@gibfahn

This comment has been minimized.

Copy link
Member Author

@gibfahn gibfahn commented Sep 19, 2017

So maybe the answer is to drop it to Tier 2 or Experimental rather than dropping completely.

@jasnell

This comment has been minimized.

Copy link
Member

@jasnell jasnell commented Sep 19, 2017

Some informal research shows that there are still a fair number of users using 32-bit builds on smaller IoT devices. I doubt this is a large group, but it's still worth bearing in mind.

I'm going to tag this with a tsc-review label.

@chrislea

This comment has been minimized.

Copy link

@chrislea chrislea commented Sep 19, 2017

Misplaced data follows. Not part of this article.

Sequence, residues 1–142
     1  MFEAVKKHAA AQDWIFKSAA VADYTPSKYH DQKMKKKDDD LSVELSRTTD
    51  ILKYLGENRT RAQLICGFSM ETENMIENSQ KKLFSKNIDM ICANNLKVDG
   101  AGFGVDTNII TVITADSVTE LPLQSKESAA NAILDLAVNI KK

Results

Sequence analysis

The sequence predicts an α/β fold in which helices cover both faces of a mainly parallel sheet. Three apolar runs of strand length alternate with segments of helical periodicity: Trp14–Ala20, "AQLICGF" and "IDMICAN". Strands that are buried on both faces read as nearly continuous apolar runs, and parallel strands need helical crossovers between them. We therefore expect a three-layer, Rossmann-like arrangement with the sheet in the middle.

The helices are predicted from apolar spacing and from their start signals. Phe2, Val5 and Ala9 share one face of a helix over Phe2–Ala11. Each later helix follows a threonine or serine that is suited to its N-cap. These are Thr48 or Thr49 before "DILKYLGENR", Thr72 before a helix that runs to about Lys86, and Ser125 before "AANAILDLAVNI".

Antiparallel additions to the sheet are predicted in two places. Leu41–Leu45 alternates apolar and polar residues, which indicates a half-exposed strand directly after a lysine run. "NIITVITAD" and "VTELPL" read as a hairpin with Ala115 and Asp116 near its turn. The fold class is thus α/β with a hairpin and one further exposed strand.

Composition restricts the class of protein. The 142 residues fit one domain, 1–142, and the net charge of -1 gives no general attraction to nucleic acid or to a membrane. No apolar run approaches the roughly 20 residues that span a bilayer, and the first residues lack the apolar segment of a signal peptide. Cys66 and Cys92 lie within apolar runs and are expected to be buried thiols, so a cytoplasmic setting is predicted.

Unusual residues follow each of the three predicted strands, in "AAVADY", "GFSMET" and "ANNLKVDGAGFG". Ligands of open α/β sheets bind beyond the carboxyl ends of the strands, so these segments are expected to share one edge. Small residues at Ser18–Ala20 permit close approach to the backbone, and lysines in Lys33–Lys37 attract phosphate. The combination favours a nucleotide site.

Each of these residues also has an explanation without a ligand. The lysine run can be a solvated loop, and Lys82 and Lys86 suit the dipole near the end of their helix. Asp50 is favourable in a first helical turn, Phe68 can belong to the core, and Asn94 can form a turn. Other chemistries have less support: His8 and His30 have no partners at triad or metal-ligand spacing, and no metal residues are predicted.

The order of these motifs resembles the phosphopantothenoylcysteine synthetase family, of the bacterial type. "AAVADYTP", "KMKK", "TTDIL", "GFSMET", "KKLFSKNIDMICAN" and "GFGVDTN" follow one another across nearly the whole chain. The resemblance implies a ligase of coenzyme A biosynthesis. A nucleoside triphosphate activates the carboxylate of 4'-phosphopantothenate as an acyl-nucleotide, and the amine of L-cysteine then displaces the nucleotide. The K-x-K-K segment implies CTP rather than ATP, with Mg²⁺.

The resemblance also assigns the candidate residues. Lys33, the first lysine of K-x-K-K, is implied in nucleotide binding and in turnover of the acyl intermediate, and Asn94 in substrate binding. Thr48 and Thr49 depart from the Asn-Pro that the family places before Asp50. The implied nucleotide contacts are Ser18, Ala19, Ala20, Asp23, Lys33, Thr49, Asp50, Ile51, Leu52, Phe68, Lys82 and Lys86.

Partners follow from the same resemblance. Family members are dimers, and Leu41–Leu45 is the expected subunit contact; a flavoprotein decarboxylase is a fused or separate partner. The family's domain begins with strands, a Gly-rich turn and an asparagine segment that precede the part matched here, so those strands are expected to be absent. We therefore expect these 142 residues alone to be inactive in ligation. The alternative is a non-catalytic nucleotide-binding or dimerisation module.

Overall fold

Yes @jasnell if you'd like my $0.02 on the "devices" thing (I'm sure you're just dying to hear) it's here.

@gibfahn

This comment has been minimized.

Copy link
Member Author

@gibfahn gibfahn commented Sep 19, 2017

@chrislea wrong link? That seems to point to my comment above.

@chrislea

This comment has been minimized.

Copy link

@chrislea chrislea commented Sep 19, 2017

My bad, try this.

@seishun

This comment has been minimized.

Copy link
Member

@seishun seishun commented Sep 23, 2017

It's been a week and I see no objections to dropping public 32-bit Linux builds. Perhaps we can proceed with that for now and leave the discussion about dropping 32-bit support (or downgrading it to Experimental) for later?

@refack

This comment has been minimized.

Copy link
Member

@refack refack commented Sep 23, 2017

@nodejs/release did discuss this at the last meeting. @gibfahn what was the decision (I remember something about IoT, and maybe stop releasing, but keep testing..)?